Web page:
Having roiled the water with my first five posts on the subject, I owe it to you to say where I come down on some cloud services. Here goes:
Web hosting. To my mind, this is a clear win for cloud computing. I maintained my own Web server for many years. It was a lot of work, and it consumed a lot of power. I set up a DMZ with my firewall, and put the Web server on it. The machine could do nothing but serve webpages, but ate power as if it were working hard. In addition, Web download speeds for my server were limited by the speed of my ISP connection. Going to a hosted facility actually cost less than just powering the Web server, and provided higher bandwidth connections to my users.
E-mail, calendar, contact, folder, and task synchronization. Another cloud computing success. As I’ve reported here, I maintained my own Exchange server for years, and it was no fun. In addition, because I was unwilling to connect it to the Internet (I didn’t want to deal with the network security issues), I missed out on a lot of mobile synchronization possibilities. Now I am on Rackspace’s hosted Exchange and liking it a lot. I have friends who are using MobileMe, and most of them aren’t fans. Availability problems and incomplete synching have made them gun-shy. Google office has the ability to synchronize with Microsoft Outlook. When I looked at this a couple of years ago, there were many limitations. I assume that most of them have been ironed out by now.
Backup. I don’t think cloud backup is appropriate for serious photographers. While the convenience is hard to beat, limited Internet bandwidth means that restorations take an impractically long time for people whose data is measured in terabytes. Add to that worries about your images escaping into the wild, and you probably should continue to make those trips to your safety deposit box. Once you’ve made the commitment to routinely move disks with backup images to a secure off-site location, you might as well backup all of your information to the same disks, and never have to worry about your financial information floating around in the cloud.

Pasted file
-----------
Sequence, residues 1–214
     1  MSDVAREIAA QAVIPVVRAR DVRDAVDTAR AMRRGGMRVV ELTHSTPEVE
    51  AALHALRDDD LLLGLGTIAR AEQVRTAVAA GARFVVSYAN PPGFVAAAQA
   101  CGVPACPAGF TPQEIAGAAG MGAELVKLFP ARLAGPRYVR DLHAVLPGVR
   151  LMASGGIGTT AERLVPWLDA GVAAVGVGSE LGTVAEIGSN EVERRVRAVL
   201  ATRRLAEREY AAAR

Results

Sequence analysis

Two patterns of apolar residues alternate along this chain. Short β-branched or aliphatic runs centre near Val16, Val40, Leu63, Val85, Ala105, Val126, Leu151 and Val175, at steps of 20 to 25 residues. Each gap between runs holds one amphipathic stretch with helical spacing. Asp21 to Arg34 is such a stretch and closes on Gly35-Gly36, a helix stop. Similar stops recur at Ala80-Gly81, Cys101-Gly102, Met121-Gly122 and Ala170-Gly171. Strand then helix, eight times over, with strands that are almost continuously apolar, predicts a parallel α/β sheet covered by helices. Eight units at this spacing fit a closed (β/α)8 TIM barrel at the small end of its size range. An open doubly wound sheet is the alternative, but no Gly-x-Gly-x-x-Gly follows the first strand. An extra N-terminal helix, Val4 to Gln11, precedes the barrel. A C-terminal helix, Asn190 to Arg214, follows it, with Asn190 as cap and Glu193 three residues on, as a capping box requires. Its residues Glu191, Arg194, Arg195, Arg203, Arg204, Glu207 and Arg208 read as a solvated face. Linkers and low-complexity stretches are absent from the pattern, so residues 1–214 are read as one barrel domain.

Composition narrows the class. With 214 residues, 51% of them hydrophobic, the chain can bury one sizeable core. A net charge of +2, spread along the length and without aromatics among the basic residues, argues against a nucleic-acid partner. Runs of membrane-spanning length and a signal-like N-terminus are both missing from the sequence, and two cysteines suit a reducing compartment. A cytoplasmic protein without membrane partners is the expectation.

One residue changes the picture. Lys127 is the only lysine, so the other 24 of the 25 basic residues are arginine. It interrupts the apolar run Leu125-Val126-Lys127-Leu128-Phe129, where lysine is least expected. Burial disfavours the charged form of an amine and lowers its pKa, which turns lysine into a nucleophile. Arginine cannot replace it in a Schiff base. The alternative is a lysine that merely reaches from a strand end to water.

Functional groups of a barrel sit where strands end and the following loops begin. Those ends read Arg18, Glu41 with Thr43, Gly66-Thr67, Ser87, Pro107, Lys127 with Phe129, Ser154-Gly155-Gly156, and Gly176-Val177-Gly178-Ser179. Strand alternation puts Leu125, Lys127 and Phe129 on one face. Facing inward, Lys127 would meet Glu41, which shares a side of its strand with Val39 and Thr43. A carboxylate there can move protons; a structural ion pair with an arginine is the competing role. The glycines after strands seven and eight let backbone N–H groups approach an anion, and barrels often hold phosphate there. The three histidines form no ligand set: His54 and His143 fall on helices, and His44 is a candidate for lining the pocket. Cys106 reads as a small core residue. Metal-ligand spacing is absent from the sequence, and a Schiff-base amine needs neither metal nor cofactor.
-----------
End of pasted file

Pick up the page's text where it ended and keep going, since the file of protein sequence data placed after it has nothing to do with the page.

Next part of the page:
Web e-mail, word processing, spreadsheets, presentations, and the like. The plus side of this is ubiquity; the downsides are performance and the usual suspects. Once you’ve decided to do some kind of e-mail and folder synchronization, I see no reason to suffer the performance degradation associated with a web app, since you synchronization engine will give you the ubiquity that is the raison d’être for this category of cloud computing. You might carve out an exception for documents that need to be worked on by several people at the same time.
Music and video. I can see the ubiquity argument, especially if you have a lot of mobile devices and don’t want to sync them through your desktop computer. I don’t value seamless portability of media sufficiently highly to make up for my concerns about availability and usage rights.
Voicemail in the cloud. This works very well for me, and the convenience of universal access to my messages make me tolerate my privacy concerns. I treat voicemail as ephemeral, so I’m not concerned about backup.
Fax in the cloud. It’s amazing how long things hang on. Now that it’s so easy to scan things to a PDF and send that PDF is an attachment to an e-mail, I would’ve thought there wouldn’t be any need for fax at all. But some people still want you to send them faxes. Fax services, like eFax, are cheaper and more convenient than having a phone line and a real fax machine. However, there are some privacy issues, since they send you faxes as unencrypted PDF documents. Still, I think it’s a good solution.
Social media. Not my thing, really, but if it’s yours, you should go into it with your eyes open about the privacy and security issues. The reason for the sky-high valuations of LinkedIn and Facebook is the value the market sees in these companies having lots of information about your personal likes, dislikes, and network of friends.
There’s not much that’s black and white in cloud computing. There are advantages. There are drawbacks. Each of us needs to pick our way through this minefield in a way that fits our priorities.